Analytical Comparison of China's Newest Economic Regions:
Special Economic Zones, Open Cities, and Open Coastal Areas
In 1978, the People's Republic of China took the first steps on a long path that would switch the world's largest nation operating under a Communist system of government to the world's largest nation attempting to operate as a new economic concept -- a socialist marketing economy. Since then, China's economy has truly modernized and embraced many of the concepts of economic geography, including creating a societal infrastructure that accepts capitalism. The reform process has affected all sectors of the economy (Roberts & Clifford, 1997, 54).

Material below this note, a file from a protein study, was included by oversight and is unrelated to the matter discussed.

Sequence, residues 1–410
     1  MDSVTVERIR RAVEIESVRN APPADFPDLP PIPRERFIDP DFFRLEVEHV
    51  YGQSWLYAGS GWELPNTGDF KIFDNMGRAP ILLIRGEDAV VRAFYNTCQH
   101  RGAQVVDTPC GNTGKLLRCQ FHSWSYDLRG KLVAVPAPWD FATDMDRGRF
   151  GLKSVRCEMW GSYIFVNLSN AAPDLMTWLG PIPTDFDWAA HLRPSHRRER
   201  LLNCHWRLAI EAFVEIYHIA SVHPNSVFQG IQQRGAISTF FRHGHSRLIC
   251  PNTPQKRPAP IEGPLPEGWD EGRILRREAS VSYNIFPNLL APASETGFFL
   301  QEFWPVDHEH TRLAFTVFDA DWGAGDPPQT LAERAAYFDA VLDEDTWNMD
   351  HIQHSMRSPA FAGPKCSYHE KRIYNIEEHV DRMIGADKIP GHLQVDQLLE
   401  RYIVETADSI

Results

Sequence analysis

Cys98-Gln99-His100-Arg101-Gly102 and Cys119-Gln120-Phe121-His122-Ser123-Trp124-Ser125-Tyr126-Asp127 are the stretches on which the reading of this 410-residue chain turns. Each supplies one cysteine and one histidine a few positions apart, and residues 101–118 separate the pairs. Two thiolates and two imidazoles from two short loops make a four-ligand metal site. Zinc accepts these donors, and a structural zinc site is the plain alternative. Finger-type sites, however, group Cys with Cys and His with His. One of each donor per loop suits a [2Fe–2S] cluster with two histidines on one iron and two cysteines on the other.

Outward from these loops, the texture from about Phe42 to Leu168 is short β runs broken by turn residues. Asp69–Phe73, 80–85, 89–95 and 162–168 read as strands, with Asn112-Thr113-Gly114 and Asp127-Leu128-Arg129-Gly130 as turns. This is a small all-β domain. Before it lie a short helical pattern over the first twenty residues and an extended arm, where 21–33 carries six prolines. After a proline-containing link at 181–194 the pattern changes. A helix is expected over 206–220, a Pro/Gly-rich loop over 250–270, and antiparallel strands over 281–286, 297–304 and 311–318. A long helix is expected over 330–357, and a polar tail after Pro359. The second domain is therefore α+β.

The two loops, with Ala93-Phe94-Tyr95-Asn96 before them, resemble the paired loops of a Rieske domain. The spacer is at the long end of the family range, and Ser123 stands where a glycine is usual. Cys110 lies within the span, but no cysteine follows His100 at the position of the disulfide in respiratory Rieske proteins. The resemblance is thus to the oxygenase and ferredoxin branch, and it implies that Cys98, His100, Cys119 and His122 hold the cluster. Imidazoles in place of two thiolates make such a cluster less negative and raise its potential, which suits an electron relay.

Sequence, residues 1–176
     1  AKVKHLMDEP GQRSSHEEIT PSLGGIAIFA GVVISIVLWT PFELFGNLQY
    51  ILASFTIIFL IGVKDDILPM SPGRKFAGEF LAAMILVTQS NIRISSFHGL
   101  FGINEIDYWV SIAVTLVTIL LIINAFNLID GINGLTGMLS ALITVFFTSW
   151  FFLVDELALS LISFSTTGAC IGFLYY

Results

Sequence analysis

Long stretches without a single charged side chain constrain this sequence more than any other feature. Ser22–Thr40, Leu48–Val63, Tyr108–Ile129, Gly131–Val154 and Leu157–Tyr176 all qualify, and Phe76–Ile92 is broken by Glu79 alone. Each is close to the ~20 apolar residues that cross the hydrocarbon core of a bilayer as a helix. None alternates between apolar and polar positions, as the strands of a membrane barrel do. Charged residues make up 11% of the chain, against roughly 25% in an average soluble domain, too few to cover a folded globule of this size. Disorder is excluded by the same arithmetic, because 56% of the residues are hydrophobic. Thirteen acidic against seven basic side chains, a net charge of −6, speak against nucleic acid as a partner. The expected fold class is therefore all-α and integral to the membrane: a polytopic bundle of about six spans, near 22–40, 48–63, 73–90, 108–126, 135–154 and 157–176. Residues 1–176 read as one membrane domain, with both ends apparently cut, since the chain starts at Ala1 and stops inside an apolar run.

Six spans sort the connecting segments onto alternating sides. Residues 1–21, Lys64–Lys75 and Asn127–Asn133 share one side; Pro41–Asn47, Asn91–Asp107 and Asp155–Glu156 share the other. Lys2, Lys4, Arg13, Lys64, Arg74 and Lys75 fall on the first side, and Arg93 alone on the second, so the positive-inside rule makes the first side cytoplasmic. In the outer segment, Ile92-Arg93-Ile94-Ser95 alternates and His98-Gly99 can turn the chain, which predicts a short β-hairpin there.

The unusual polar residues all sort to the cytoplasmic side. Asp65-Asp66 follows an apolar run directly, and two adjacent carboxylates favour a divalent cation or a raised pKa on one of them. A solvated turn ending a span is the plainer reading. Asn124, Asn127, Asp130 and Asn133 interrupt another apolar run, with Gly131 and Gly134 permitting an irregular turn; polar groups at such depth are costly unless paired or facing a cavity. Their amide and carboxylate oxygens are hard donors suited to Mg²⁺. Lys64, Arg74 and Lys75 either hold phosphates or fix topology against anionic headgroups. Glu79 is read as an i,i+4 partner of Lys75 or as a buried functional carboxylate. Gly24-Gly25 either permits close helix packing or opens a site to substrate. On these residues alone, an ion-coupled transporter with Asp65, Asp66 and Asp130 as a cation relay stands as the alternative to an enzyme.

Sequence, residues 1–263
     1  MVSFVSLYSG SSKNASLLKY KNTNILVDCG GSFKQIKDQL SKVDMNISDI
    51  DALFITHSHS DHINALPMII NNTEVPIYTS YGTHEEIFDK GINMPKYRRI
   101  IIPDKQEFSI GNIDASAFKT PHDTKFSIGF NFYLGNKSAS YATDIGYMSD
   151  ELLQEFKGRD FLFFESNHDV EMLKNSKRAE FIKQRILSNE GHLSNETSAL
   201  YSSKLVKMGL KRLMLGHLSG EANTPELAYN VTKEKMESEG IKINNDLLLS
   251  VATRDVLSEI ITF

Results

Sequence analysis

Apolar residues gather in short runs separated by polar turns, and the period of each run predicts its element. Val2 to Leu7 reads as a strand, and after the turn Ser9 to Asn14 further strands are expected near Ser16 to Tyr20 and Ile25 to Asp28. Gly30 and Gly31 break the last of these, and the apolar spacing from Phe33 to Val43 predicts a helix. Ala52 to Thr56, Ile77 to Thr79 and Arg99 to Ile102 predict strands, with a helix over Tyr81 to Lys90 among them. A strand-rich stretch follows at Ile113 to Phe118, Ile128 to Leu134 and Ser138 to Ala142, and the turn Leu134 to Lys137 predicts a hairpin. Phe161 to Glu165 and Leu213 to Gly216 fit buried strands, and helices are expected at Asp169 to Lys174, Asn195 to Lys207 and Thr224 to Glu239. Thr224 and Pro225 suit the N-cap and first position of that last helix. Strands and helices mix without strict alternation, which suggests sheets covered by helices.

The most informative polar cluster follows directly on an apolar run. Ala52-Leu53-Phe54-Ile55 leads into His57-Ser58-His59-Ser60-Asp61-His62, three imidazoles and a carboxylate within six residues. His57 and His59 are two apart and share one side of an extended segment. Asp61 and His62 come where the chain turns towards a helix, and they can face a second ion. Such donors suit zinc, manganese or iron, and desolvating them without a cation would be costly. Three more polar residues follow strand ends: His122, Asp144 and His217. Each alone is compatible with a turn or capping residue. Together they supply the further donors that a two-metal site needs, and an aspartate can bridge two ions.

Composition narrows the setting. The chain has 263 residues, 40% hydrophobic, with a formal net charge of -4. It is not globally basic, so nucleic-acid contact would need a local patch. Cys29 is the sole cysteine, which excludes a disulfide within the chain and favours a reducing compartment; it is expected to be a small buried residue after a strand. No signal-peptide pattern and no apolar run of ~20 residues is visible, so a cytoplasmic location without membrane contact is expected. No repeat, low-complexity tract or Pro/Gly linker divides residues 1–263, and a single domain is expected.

Looking back at the changes occurring over the last 17 years, it becomes apparent that one key moment in that evolution from Communism to Capitalism happened in 1992, when the Party officially recognized that a market system was compatible with the ideals of socialism (Lawrence, 1992, 36). Already possessing the world's largest population, most economic observers suggest that by early in the next century, China may have the world's largest economy. To test that speculation, this analysis will compare and contrast the three geographical economic elements--The Special Economic Zones, The Open Cities, and The Open Coastal Areas (The Pudong New Zone..., 1997). The first section of the analysis will focus on these zones within a three-part structure: their goals, their achievements and their failures. From these Special Economic Zones came a refined subset of organizational structures which will be outlined in the second section. That outline serves as basis for third section, which discusses how each of these three regions contributes to the Pacific Rim growth that is making Asia one of the least-understood superpowers. The fourth section will consider the validity of the earlier assumption that China is headed toward the goal of becoming the world's largest and p...